When they arrived, they were greeted by an older man covered in tattoos. He recognized that they had little experience with tattoos, so he invited them to look around as his guests. Putting out his right arm, he showed them a picture of Jesus tattooed onto his forearm.
“Jesus was the son of God,” he said. “His Father sent him into the world to be our savior. He died on the cross to forgive our sins and was raised from the dead. He ascended into heaven and is praying for you.” He then asked his two guests, “Have you ever heard this story before?”
The two men were amazed at the clear, simple presentation of the Gospel. They told him they were Methodist pastors. “Praise God! You’re my brothers!” He exclaimed. Then he hugged them right there in the convention hall.
I first read this story about fifteen years ago, and it has stuck with me ever since. I love how willing this man is to share his faith. No questions, no worries, no hesitation, no fears. He just tells people about Jesus. It doesn’t matter that the people he is talking to don’t look like him. It doesn’t matter that they just met. It doesn’t matter that he will likely never see them again. He simply tells them about Jesus.
We have talked about the great commissions Jesus gave his disciples. “Go make disciples of all nations, baptizing them and teaching them to obey everything I have commanded you.” “You will be my witnesses to Jerusalem, Judea and Samaria, and to the ends of the earth.” We are sent out in Jesus’ name to proclaim Good News to the whole world. It’s the teaching of Jesus we struggle with the most. But it’s not really as hard as we’ve made it out to be.
Jesus was the son of God. His Father sent him into the world to be our savior. He died on the cross to forgive our sins and was raised from the dead. He ascended into heaven and is praying for you. Have you ever heard this story before?
Four statements and a question. That’s just how simple it is. Now, practice that last paragraph a few times. Get it in your mind and heart. And be ready for the Holy Spirit to ask you to share those words with someone this week.
The people of Israel had been waiting a long time. They were expecting God to keep his promise. They were waiting for God to show up. They were expecting a king.
The days are surely coming, says the Lord, when I will fulfill the promise I made to the house of Israel and the house of Judah. In those days and at that time I will cause a righteous Branch to spring up for David; and he shall execute justice and righteousness in the land. In those days Judah will be saved and Jerusalem will live in safety. And this is the name by which it will be called: “The Lord is our righteousness.”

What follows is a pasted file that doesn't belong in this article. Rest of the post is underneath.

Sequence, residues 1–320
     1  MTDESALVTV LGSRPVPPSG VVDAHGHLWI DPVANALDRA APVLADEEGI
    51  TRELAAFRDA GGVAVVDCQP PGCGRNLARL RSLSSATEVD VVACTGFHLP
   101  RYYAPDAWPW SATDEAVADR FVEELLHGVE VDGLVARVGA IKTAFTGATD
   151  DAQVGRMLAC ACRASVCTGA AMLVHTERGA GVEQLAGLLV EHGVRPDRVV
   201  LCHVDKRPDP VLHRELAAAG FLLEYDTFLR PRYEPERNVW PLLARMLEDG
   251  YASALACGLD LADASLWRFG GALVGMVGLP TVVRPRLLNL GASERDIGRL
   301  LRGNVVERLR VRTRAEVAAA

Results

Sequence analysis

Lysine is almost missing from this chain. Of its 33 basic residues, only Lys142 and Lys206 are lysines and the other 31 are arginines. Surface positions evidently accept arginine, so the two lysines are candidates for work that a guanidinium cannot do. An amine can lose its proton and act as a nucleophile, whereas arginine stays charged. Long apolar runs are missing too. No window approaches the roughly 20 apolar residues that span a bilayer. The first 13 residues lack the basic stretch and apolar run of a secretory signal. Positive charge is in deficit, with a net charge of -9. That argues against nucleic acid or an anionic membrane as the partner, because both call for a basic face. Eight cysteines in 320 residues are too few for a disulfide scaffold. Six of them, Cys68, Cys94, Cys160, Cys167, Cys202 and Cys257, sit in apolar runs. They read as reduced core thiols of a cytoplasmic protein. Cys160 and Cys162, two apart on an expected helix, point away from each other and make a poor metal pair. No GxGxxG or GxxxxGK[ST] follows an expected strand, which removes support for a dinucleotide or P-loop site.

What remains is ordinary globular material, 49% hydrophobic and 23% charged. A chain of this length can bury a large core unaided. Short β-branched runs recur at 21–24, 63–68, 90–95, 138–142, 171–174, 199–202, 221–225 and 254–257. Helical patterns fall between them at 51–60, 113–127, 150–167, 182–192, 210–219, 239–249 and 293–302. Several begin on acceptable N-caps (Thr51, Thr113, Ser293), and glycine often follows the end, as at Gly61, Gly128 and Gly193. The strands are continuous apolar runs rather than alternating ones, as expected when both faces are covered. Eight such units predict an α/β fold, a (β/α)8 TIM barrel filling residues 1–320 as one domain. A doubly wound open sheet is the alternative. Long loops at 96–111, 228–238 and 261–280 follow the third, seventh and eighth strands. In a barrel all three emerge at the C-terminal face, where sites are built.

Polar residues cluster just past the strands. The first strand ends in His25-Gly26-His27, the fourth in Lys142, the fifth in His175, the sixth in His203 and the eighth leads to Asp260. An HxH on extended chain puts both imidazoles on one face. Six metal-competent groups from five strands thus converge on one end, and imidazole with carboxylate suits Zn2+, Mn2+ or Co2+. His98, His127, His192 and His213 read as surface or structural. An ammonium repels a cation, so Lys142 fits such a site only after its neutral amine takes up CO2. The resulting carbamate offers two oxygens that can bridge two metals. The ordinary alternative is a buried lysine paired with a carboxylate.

On that day it shall be said to Jerusalem: Do not fear, O Zion; do not let your hands grow weak. The Lord, your God, is in your midst, a warrior who gives victory; he will rejoice over you with gladness, he will renew you in his love; he will exult over you with loud singing as on a day of festival. - Zephaniah 3:16-17
I’m sure they had it all thought out. God would send a prophet to anoint a new king from the line of David. Then God’s presence would fill the Temple like it had in days of old. Everything would be right. Everything would be like it had been before, back in the golden days, when David himself ruled from the throne. They had high expectations for their nation, their families, their faith, themselves.And then God did something beyond all their expectations. He arrived not in the Temple, but in a manger. He was wrapped not in majesty and glory, but in swaddling cloths. God himself came to be their King. The Lord, their God, was in their midst, and most of them didn’t even realize what was happening. God kept his promises beyond their expectations.God does the same for us today. We get so wrapped up in what we expect from this world, from each other, from our work, from our families, from our church, from God. We think we have it all figured out. We know exactly how it should all work.And then God shows up. He does something new, something we never could have expected. He meets us in the stables and dark nights of our lives. He comes to live with us, right in our midst. And he makes something new of us.This Advent and Christmas, slow down. Ask God what new thing He wants to do in your life. And be ready for Him to do something beyond all your expectations.